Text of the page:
In our study, we utilized peripheral blood mononuclear cells isolated from blood. These cells were reprogrammed into iPSCs using the Sendai reprogramming kit. Subsequently, these cells were differentiated into cortical neurons. The cortex is a region known to be involved and impaired in individuals with ASD.

To measure the developmental stages of the neurons, we started the experiments early – when the neurons were in their developmental stages. We were surprised to see that these different mutations shared similar abnormalities during their development. The observed changes in the four mutations included increased sodium currents, larger amplitudes and rate of excitatory postsynaptic currents (EPSCs), and an elevated number of evoked action potentials in response to current stimulation during early-stage cell development. These all indicate that the patients’ neurons have matured much faster than the neurons of the unaffected siblings. Additionally, we noted a reduction in GABA-positive cells and an increase in the excitatory-inhibitory ratio in these mutant neuronal cultures. It is interesting to note that these four mutations are also associated with epilepsy and the increase in excitability with the reduction in number of the GABA-ergic neurons may contribute to epilepsy in the patients.

In fact, in our previous study on the IQSEC2 mutation which is another ASD-associated mutation, we observed that mutant cells exhibited excessive excitability in the early phase and also a reduction in the number of GABA-ergic neurons. The IQSEC2 mutations are also highly associated with epilepsy. It is interesting to note that in the IQSEC2 study, we observed increased mortality as they aged, compared to healthy cells with normal growth. We have not yet measured the aged neurons in the four mutations in this study and it will be interesting to seek the increased mortality in these mutations as well.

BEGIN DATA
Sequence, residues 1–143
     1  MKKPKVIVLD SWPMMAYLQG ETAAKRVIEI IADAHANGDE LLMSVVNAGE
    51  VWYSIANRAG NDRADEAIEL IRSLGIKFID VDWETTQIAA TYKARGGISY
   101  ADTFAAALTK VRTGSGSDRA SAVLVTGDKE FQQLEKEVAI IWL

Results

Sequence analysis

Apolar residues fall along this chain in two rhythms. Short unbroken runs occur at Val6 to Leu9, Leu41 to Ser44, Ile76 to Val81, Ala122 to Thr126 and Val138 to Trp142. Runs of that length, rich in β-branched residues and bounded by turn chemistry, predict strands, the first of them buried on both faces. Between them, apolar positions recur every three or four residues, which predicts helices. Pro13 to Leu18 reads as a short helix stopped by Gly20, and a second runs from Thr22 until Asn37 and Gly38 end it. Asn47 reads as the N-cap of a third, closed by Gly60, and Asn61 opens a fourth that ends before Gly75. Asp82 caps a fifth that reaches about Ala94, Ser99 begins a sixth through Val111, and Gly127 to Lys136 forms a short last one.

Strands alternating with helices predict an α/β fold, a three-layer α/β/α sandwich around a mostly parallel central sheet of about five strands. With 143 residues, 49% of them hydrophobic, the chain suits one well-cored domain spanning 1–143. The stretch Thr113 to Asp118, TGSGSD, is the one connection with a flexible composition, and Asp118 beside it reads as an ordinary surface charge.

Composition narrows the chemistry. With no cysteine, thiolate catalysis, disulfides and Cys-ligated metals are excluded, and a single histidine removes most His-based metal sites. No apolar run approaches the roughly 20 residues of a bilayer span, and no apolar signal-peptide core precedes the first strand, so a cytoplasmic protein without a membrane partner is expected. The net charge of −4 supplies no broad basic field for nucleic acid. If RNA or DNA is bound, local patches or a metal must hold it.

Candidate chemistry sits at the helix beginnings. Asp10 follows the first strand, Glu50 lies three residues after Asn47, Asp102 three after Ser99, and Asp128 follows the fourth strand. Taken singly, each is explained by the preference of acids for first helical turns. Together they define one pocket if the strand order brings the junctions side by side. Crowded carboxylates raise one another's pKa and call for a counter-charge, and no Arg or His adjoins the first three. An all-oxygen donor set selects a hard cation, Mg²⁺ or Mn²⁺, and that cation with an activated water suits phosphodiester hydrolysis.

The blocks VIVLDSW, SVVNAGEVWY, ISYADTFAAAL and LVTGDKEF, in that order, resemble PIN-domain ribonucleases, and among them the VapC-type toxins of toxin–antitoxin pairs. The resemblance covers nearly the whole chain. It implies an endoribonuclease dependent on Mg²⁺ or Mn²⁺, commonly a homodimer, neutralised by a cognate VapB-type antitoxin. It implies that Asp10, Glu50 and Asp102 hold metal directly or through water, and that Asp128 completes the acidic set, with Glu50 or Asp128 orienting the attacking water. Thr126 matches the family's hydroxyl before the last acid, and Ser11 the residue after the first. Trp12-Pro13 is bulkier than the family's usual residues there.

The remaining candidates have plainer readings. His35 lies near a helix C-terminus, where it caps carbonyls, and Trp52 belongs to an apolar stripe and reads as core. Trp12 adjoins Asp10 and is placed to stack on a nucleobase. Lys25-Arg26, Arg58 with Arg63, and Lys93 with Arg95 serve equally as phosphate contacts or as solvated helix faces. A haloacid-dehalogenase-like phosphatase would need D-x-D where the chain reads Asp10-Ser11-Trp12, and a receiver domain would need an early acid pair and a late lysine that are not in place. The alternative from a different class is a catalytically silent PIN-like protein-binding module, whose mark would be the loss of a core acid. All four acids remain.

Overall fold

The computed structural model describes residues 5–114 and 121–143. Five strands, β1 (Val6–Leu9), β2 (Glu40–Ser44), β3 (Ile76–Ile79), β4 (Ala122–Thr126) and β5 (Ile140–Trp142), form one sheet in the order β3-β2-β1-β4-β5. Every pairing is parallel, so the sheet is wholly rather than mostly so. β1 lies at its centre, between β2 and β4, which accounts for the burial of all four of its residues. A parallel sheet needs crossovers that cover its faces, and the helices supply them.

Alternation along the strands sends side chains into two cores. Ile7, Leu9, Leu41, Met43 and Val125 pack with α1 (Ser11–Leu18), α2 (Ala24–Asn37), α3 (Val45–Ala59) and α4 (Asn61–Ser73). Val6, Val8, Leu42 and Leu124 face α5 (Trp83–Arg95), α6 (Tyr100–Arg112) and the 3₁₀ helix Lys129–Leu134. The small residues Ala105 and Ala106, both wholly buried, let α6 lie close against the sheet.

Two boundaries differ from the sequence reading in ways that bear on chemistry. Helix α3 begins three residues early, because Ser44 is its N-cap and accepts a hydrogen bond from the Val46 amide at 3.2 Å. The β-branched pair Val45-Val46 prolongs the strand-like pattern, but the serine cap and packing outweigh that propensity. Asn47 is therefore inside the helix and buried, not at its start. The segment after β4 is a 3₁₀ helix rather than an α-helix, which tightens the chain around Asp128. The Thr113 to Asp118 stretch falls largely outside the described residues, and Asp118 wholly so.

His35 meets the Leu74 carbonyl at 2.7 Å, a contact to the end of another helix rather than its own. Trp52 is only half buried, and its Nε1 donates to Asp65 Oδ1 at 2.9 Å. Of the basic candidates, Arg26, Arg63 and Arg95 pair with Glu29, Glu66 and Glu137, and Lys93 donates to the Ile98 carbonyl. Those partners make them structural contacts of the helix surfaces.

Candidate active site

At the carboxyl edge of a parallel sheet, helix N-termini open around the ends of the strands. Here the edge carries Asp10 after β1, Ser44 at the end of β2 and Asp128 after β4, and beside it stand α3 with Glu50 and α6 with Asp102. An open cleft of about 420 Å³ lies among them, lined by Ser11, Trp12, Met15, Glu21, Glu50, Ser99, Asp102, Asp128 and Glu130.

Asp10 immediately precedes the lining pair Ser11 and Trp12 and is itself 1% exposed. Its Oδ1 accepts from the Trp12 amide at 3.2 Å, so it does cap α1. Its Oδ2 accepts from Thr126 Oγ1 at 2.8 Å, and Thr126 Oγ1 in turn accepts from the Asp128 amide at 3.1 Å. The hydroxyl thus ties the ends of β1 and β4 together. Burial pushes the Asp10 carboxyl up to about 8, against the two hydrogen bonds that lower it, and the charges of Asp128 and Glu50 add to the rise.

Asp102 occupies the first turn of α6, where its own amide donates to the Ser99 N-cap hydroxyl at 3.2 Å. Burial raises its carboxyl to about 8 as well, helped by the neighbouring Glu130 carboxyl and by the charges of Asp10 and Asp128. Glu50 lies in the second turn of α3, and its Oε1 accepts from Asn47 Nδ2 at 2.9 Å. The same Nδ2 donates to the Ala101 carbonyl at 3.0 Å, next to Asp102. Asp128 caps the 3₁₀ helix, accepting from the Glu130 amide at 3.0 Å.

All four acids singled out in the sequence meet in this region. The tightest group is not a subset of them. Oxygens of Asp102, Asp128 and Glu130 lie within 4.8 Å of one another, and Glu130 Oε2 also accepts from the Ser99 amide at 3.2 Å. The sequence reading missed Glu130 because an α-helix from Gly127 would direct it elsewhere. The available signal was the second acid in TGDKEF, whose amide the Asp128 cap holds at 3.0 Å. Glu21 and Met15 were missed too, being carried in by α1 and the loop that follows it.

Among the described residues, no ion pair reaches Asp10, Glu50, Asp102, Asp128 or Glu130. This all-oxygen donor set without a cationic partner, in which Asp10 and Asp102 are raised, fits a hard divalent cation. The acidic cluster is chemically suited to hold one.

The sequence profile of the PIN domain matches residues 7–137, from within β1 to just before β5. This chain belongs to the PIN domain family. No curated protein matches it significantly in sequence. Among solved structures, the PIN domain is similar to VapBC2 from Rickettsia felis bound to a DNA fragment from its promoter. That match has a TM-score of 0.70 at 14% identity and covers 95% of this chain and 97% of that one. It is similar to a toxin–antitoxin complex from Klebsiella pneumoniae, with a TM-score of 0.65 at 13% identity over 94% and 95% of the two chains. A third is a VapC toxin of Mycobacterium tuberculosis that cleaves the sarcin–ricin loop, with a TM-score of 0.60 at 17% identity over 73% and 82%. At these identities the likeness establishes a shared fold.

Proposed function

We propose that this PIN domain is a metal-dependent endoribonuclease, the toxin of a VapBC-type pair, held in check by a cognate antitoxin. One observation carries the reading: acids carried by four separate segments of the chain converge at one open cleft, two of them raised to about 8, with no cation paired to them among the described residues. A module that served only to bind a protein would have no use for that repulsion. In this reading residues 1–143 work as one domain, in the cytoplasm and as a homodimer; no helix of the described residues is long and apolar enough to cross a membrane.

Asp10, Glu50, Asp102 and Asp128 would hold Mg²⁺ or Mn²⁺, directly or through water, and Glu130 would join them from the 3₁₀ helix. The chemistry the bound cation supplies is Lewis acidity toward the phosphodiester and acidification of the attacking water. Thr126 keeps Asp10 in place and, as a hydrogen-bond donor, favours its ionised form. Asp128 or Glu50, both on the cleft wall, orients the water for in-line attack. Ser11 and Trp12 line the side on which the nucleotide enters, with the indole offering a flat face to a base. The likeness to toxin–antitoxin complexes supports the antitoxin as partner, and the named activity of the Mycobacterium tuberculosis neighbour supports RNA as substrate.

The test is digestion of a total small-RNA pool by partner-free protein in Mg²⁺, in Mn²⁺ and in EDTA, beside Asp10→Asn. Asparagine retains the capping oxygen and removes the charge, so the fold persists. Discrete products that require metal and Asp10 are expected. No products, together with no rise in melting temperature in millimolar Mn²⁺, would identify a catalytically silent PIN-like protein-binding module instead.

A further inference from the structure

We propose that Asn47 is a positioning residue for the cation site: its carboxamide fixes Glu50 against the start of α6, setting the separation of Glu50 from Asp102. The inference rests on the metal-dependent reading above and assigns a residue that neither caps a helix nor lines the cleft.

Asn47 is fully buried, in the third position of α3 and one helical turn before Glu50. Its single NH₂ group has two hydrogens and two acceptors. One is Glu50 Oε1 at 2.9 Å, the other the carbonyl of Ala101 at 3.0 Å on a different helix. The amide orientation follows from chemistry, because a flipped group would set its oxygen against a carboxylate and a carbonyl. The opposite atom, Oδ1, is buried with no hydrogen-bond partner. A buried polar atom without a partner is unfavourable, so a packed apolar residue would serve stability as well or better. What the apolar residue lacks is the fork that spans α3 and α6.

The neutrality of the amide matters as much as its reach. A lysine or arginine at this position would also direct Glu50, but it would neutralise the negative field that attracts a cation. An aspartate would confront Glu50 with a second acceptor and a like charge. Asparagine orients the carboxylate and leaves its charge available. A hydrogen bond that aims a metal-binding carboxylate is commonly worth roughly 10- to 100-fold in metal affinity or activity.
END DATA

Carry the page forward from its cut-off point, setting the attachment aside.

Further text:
Based on our findings, it is plausible that this early hyperexcitability occurs prenatally since the measured human neurons were differentiated for 4-5 weeks, indicating that they were not fully developed or matured. We speculate that there may be a connection between this early hyperexcitability and subsequent synaptic deficits, as this hyperexcitability could potentially be neurotoxic to the cells at such an early developmental stage. It is possible that this rapid development of the nerve cells ultimately causes damage to those nerve cells since these cells have not yet developed protective mechanisms. Future studies that we are working on in our laboratory are focusing on finding compounds and drugs that hopefully will slow down this rapid development and may rescue some of the phenotypes.



 Brant, B., Stern, T., Shekhidem, H.A. et al. IQSEC2 mutation associated with epilepsy, intellectual disability, and autism results in hyperexcitability of patient-derived neurons and deficient synaptic transmission. Mol Psychiatry 26, 7498–7508 (2021).